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Remarks With Deputy Prime Minister Abdullah Gul After Their Meeting

Secretary Condoleezza Rice
Benjamin Franklin Room
Washington, DC
July 5, 2006


SECRETARY RICE: Good morning. I am very pleased to welcome my colleague, the Foreign Minister of Turkey Abdullah Gul, to Washington to the State Department. It was not very long ago that I was in Turkey and he received me there and we continue our discussions based on our tremendously strong friendship, our strategic relationship, our commitment to common values. I especially want to note for you that we will issue shortly a statement of the strategic vision for U.S.-Turkish relations. It is indeed a relationship that has a great deal to contribute to regional stability and indeed to global stability.

The Foreign Minister and I have had a brief discussion of some issues of interest, the situation in the Middle East. I have had a briefing on some of the work that the Foreign Minister has undertaken to convince Iran that this is a time to accept the international community's offer to solve this by diplomatic means. I want to say too that the Foreign Minister has been stalwart in his support for young democracies like Afghanistan and Iraq, and I thank him very much for that. So we will have further discussions over lunch and I look forward to many more opportunities, Abdullah, to be with you as Turkey is such an important and strong partner of the United States. Thank you.

DEPUTY PRIME MINISTER GUL: Good morning. I'm really pleased to meet once again my friend Secretary of State Dr. Rice shortly after her visit to Turkey. Since our last meeting, we had several talks over the phone and exchanged views. We will continue our discussions over lunch, as she just said, and we will have the opportunity to talk further about bilateral, regional and international matters of common concern, including Iraq, Iran, combating the PKK, recent developments in the Middle East, Cyprus and energy issues. The result of our joint efforts on Baku-Tblisi-Ceyhan will be integrated on 13 July in Ceyhan and we hope to see a representative from the United States over there. During our talks, I expressed our gratitude for the support given by the U.S. to matters that are important for Turkey. I also emphasized my strong belief and hope that this support will continue to strengthen.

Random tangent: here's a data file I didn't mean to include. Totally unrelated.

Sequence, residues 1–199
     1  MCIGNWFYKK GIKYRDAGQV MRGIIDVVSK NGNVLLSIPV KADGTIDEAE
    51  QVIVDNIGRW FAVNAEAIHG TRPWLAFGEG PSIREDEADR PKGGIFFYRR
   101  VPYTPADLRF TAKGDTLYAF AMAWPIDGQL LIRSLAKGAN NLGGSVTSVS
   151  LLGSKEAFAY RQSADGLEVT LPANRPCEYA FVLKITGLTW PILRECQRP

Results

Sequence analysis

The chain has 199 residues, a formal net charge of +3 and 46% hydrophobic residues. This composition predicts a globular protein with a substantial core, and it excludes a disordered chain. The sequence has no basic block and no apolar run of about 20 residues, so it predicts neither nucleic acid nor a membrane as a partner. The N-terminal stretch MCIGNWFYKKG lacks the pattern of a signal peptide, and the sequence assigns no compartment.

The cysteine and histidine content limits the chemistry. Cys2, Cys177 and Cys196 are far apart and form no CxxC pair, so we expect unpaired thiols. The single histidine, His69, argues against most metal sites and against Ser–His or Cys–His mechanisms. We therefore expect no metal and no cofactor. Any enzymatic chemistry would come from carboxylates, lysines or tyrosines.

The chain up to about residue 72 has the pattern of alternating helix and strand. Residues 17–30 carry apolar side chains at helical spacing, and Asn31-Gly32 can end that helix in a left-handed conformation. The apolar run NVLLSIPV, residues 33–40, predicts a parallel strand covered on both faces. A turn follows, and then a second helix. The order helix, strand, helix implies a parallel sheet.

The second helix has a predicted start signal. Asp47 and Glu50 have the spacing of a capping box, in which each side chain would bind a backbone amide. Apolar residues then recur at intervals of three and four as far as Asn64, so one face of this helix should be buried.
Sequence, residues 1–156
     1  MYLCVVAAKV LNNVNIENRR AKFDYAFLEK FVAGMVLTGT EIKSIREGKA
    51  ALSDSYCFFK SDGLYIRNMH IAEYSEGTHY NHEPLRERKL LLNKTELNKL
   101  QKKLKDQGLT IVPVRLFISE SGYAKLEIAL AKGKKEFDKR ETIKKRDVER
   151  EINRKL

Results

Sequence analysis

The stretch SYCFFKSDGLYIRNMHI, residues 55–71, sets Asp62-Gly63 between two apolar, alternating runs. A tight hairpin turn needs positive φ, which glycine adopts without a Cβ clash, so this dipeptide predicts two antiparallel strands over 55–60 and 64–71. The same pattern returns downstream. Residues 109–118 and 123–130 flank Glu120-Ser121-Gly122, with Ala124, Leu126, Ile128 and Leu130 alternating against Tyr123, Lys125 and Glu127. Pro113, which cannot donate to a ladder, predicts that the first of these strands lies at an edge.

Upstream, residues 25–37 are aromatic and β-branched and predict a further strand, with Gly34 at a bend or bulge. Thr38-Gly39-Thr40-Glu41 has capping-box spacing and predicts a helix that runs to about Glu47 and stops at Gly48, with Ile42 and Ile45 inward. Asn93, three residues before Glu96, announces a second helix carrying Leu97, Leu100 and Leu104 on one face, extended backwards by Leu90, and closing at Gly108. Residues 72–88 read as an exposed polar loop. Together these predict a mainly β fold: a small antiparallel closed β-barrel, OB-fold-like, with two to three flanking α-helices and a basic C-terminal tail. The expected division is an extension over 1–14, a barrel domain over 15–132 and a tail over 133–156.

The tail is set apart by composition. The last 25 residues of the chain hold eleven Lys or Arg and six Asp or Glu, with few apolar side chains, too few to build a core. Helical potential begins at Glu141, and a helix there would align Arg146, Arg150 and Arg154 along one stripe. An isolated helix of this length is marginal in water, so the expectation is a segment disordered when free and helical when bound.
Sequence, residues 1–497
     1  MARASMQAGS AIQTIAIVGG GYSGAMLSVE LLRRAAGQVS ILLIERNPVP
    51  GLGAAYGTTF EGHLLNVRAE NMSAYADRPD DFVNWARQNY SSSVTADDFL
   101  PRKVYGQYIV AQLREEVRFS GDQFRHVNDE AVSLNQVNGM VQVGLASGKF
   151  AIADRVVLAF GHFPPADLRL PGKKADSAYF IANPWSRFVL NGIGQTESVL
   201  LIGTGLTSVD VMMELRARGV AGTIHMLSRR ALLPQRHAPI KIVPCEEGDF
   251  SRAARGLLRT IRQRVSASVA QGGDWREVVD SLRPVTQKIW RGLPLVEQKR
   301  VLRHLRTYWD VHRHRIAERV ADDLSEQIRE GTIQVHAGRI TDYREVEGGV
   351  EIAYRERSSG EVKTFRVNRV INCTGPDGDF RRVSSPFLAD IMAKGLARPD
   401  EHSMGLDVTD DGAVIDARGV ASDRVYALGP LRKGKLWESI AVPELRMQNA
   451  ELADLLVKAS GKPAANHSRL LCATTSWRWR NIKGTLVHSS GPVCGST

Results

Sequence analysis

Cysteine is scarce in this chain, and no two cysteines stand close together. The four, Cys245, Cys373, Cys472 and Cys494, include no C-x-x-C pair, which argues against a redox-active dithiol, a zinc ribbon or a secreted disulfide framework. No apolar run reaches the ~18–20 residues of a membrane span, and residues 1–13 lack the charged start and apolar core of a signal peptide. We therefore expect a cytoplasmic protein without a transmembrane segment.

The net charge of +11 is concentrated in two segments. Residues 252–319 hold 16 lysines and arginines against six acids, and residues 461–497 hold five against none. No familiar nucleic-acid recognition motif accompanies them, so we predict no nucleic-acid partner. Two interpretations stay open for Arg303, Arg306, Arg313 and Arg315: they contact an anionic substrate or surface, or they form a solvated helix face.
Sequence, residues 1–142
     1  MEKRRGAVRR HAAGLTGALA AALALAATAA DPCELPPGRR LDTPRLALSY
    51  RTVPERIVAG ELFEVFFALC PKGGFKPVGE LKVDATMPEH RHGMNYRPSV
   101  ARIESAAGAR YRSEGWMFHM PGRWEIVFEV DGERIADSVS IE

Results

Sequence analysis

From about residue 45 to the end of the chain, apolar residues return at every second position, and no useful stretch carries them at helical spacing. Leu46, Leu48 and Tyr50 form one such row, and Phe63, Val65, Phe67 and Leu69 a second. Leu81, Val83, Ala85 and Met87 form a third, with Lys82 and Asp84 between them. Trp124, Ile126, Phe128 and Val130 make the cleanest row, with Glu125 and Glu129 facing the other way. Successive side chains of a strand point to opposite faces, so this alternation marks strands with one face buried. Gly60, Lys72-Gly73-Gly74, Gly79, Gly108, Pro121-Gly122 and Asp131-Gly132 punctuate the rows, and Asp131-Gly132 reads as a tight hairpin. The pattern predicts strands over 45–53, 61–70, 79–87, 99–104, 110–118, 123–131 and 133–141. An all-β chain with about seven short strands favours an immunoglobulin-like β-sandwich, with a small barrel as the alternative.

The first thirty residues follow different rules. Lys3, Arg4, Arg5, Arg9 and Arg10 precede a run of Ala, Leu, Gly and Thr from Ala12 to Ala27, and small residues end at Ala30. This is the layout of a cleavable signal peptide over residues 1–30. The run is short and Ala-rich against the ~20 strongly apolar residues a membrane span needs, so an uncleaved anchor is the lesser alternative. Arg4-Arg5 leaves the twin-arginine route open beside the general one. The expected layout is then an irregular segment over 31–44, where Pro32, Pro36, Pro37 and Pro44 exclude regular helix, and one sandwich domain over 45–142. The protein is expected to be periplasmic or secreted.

Our discussions have reaffirmed that our deep-rooted alliances is well grounded. It's based on strategic partnership, cooperation and mutual trust. We have once more confirmed our common desire to advance this relationship, which is based on universal values such as democracy, respect for human rights, the rule of law and principle of market economy.

I am very happy to announce here today with Dr. Rice that we have finalized a shared vision document, which we had agreed to work on during her last visit to Turkey. This shared vision document will enable our countries to conduct closer intensive consultations on many levels. It will provide for a structured dialogue that will enable us to address more effectively the issues of bilateral, regional and international concern.

This document is not an action plan; therefore, it does not contain details on various issues. The shared vision document sets a broad agenda between the two countries and launches a process of intensive dialogue on different levels.

To summarize our contacts, I've said that we have seen once again that our relations are indeed based on mutual trust, hence moving on within a constructive agenda. Thank you.

MR. MCCORMACK: The first question for Anne Gearan from AP.